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Choosing React First

A quick primer on building user interfaces with React and React Native.

Since its public release by Facebook in 2013, React has become one of today’s most popular JavaScript libraries for developing modern, front-end user interfaces. Here at Postlight, whether we’re building new products or modernizing legacy apps for our clients, React is the technology we turn to for creating interfaces on web and mobile.

From small startups to giant enterprises, when we recommend React to our clients, no one blinks. It’s because React has become the de facto way to write complex web apps, and there are a few reasons why.

The core philosophy of React development revolves around creating small, reusable building blocks—components—which can ultimately be pieced together to form entire websites. Backed by Facebook and an ever-growing community of open-source developers, React’s meteoric rise in adoption over the last half-decade has positioned it to be a mainstream front-end technology well into the foreseeable future. In short, React speeds up development, minimizes risk, and is easier to hire for.

Who Uses React

Companies like Netflix, Walmart, Dropbox, Tesla, Airbnb, and many, many others use React. This wide adoption is due to React’s component-based architecture: It allows large organizations to work nimbly, introducing components as needed without completely rewriting their entire codebase.

Additionally, the introduction of React Native—a sister framework that enables cross-platform mobile app development in React-flavored JavaScript—enables development teams familiar with React on the web to easily build mobile apps as well. This means developers can work across a suite of digital products that run on different platforms but share the same codebase and the same components.

That shared understanding (and code!) across products creates efficiencies and flexibility you don’t have on a development team that has to be able to write and maintain native Android code, native iOS code, and code for the web.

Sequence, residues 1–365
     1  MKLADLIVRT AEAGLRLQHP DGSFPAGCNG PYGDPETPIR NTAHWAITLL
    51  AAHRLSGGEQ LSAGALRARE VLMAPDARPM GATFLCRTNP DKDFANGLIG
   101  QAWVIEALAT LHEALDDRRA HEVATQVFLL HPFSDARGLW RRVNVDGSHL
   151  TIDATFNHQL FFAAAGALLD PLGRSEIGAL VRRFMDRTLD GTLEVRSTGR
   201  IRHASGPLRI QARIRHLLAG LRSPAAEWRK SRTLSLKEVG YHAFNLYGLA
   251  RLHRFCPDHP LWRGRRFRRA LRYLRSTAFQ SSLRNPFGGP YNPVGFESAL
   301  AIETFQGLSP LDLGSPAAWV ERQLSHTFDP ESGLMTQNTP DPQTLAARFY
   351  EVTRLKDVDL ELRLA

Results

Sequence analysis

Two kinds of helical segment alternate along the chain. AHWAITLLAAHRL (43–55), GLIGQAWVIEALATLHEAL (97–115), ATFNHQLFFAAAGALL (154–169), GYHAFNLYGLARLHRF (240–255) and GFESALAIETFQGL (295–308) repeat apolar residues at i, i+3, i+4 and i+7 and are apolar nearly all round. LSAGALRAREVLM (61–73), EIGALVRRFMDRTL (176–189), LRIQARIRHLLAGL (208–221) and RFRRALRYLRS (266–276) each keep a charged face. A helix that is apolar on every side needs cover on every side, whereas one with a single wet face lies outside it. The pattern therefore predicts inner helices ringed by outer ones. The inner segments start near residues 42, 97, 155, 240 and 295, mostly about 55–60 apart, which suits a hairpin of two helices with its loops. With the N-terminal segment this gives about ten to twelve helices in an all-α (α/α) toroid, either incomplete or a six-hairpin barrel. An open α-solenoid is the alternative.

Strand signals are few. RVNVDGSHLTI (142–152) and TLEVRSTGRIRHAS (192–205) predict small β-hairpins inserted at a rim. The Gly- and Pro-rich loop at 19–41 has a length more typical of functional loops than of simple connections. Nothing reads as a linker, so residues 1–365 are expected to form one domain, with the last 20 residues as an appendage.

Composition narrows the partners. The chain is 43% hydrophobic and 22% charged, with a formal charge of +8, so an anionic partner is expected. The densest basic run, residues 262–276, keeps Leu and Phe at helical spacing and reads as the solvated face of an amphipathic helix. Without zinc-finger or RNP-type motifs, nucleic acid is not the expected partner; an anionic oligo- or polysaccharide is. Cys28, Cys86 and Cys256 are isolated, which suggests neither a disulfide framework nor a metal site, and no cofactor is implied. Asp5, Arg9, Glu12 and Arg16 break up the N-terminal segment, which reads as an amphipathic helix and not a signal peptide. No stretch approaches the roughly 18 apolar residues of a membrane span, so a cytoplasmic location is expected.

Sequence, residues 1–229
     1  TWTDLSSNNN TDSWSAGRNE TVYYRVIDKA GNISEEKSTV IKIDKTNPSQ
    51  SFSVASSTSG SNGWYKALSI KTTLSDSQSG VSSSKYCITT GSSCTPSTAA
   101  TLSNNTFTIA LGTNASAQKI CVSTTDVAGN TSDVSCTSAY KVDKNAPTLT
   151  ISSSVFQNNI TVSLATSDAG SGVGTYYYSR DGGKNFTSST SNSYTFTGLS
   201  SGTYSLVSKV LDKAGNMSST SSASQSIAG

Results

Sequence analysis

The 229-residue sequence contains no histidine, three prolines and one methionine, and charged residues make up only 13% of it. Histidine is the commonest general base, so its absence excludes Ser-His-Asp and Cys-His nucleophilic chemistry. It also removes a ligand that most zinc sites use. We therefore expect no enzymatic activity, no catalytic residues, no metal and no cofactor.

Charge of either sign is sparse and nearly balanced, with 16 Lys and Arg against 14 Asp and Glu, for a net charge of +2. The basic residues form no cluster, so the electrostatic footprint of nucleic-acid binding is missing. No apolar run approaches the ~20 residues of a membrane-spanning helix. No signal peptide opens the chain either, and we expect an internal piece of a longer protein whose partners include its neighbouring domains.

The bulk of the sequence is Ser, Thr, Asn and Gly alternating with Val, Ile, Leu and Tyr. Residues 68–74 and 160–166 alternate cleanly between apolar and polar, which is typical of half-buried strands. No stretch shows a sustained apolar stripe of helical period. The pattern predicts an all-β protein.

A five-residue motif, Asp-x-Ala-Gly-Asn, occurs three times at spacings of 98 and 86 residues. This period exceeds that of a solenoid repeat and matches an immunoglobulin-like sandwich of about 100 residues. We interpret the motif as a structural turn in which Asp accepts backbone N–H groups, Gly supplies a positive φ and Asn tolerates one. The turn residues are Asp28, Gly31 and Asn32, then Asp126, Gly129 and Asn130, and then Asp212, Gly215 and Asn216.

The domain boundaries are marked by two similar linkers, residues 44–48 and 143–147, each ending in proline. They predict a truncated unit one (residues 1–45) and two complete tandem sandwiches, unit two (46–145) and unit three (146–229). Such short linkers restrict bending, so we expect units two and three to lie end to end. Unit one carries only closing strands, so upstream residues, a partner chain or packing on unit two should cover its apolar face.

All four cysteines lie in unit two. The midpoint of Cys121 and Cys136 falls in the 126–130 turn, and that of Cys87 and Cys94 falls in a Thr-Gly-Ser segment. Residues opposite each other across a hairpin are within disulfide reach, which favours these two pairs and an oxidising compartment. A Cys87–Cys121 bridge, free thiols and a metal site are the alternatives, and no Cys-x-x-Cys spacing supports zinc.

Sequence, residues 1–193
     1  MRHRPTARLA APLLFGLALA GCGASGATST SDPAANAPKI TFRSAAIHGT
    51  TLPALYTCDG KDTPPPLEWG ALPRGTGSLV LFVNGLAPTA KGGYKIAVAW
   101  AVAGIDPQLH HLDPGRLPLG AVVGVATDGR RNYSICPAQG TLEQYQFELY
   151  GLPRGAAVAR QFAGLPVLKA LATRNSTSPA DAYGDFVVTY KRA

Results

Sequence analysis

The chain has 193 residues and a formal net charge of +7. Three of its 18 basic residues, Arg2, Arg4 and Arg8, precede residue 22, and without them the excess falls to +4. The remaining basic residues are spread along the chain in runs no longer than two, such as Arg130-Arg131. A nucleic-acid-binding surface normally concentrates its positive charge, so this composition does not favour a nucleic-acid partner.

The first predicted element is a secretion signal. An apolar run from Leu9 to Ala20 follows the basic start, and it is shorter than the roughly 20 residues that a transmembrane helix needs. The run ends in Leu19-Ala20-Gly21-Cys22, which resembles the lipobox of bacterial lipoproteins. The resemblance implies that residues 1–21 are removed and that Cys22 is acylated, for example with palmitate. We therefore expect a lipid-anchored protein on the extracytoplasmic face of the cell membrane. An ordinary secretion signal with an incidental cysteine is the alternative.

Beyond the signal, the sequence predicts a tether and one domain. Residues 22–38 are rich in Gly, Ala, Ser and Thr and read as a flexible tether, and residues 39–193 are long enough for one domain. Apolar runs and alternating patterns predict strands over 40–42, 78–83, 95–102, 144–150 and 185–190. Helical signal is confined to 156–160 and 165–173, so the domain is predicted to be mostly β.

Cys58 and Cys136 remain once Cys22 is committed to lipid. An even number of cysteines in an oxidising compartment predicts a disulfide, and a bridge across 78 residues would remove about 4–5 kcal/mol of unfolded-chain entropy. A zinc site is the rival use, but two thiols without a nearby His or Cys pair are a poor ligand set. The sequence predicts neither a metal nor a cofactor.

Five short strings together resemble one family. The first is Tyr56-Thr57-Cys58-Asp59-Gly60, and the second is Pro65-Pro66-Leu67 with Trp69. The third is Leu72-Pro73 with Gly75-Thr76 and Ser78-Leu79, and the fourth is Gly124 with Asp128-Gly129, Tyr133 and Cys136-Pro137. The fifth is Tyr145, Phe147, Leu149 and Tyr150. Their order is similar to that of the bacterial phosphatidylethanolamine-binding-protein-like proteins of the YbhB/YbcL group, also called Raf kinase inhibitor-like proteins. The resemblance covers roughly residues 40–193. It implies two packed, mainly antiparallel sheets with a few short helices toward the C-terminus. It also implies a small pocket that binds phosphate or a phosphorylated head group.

Why React?

Historically, the web worked like this: You fired up your web browser, typed in a URL, and a server loaded a page to display to you, made up of HTML. That HTML got sent over the internet to your browser, which rendered it on your screen. Every time you clicked a link, you asked a server for more HTML and waited for it to deliver.

If that website wanted to do something fancy, like collapse a sidebar, the web developer had to write some bespoke JavaScript to make that happen. Crucially, the HTML rendering to your screen and the interactivity on that screen were separate ideas, defined apart from each other.

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In React, JavaScript controls everything being rendered to your screen, and the various boxes and labels and forms—the components—are fundamentally connected to the state of what’s going on in the webpage. A programmer doesn’t need to write a “collapse sidebar” JavaScript function in React, because React is smart enough to know that if your web app has sidebar_collapsed set to true, the sidebar should be collapsed. It effectively removes the need for programmers to write custom code connecting what should happen in an app from what is on screen.

This is very exciting to programmers (who have a special word for this kind of programming: declarative) because, yes, they get to write less code, but mostly because the code they’re still writing looks much more similar to the set of business requirements a manager hands to them. “We have a sidebar, it’s collapsible, and there’s a big grid of paginating boxes over here” now directly translates into a sidebar component, some collapsible state, and a grid of box components. That means apps are built faster, feel faster, and are easier to reason about.

Postlight uses React extensively to build richly featured, dynamic frontends for VICE Media, Bloomberg, and The Players’ Tribune. Using React Native, Postlight shipped an entirely new mobile app for The National Audubon Society on both iOS and Android, using the same codebase. We use React extensively in Postlight Labs to quickly build our open source projects. And we’ve also used it to build more unusual tools, like command-line interfaces and Chrome extensions.

The Front-End Tech to Watch

React is always getting better. It has a passionate community that’s constantly working to improve it: Just recently, new versions introduced features like the Context API, Hooks, and Error Boundaries. Next year promises performance speedups and better data-fetching integrations. But the real reason to watch React in 2020 is because many web developers already speak it: You wouldn’t be wrong to call it something approaching a standard in web development today.

Even beyond the world of web development, React’s declarative style of programming is gaining traction. React is poised to solidify itself as the de facto way to write complex web apps in 2020, which is a win for web developers, product managers, and end users alike.

Mike Ashley is a Senior Engineer at Postlight. Want to talk React? Drop us a line at [email protected].

Story published on Aug 21, 2019.